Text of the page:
Volvo introduces swivelling child seat concept

By CARSIFU | 3 July 2015

GOTHENBURG: Volvo Cars’ design team has created a swivelling child seat concept that allows a the parent to swivel the seat counter-clockwise when seating the child and then lock the seat in a rearward facing position.

The concept also provides storage for small items beside the seat and a storage space underneath for diapers, blankets, or other larger items and enough space for a tote bag at the front of the seat under the dashboard.

The Excellence Child Seat Concept, which also provides a function to help small children safely lean back and sleep, is based on Volvo’s belief that small children should travel rearward facing as long as possible (at least up to the age of 3 or 4). This is mainly due to the lack of muscular strength in the necks of small children and the disproportionate head size and weight* in relation to the body.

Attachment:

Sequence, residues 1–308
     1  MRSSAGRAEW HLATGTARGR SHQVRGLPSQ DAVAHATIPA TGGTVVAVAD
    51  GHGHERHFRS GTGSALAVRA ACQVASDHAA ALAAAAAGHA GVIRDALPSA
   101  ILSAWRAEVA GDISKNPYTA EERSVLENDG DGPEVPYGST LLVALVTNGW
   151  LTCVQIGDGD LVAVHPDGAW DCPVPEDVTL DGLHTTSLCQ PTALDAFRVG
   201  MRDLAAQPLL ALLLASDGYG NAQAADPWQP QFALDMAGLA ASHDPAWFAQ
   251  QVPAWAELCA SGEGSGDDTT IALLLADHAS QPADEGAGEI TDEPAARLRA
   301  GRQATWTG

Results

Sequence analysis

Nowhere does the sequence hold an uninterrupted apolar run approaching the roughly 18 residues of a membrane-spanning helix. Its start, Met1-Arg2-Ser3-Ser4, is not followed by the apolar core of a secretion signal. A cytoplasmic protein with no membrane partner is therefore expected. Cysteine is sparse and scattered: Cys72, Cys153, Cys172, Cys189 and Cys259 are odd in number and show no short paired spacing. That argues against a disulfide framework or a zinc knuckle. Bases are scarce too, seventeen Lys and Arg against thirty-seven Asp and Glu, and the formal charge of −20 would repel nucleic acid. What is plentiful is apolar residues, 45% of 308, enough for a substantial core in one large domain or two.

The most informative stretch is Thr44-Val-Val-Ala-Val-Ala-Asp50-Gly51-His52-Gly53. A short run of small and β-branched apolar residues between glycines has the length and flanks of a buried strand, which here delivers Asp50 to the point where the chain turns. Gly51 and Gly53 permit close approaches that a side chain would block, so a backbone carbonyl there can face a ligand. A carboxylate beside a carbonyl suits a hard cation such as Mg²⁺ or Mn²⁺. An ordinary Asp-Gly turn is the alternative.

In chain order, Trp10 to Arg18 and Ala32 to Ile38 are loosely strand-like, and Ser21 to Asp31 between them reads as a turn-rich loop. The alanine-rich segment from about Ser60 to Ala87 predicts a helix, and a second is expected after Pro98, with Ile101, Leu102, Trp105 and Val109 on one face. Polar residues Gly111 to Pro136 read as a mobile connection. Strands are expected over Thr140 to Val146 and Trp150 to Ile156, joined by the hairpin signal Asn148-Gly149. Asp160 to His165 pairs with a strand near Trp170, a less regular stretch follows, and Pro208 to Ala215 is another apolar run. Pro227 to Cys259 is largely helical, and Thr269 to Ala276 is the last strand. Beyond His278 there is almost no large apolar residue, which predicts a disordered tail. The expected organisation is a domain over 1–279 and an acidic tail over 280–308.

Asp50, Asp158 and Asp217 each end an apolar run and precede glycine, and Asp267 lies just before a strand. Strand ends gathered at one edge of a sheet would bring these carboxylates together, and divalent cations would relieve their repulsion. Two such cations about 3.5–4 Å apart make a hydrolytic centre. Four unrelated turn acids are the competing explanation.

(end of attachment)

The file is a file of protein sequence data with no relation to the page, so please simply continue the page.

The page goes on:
The Excellence Child Safety Seat Concept

“For us the safety, convenience, and emotional factors outweigh everything else," said Volvo Cars Concept and Monitoring Centre chief designer interiors Tisha Johnson.

"Being able to maintain eye contact with your child from the rear seat , or being able to keep a bottle warm in the heated cup holders in the XC90 Excellence, would go a long way towards making life easier for parents taking their small child on a trip. Such alternative seating arrangements will become increasingly important as we move towards autonomous vehicles,” said Johnson.

The child seat concept follows the Shanghai reveal of the XC90 Excellence and the Lounge Console Concept, which marked a bold step forward for the Swedish car brand.

According to Johnson the idea originated in a conversation with Volvo Cars’ owner Li Shufu when he reviewed the XC90 Excellence Lounge Console Concept earlier this year and thought about how else the space left by removing a front passenger seat could be used. The design team at Volvo Cars took on the challenge and in the process re-imagined the way in which small children can travel.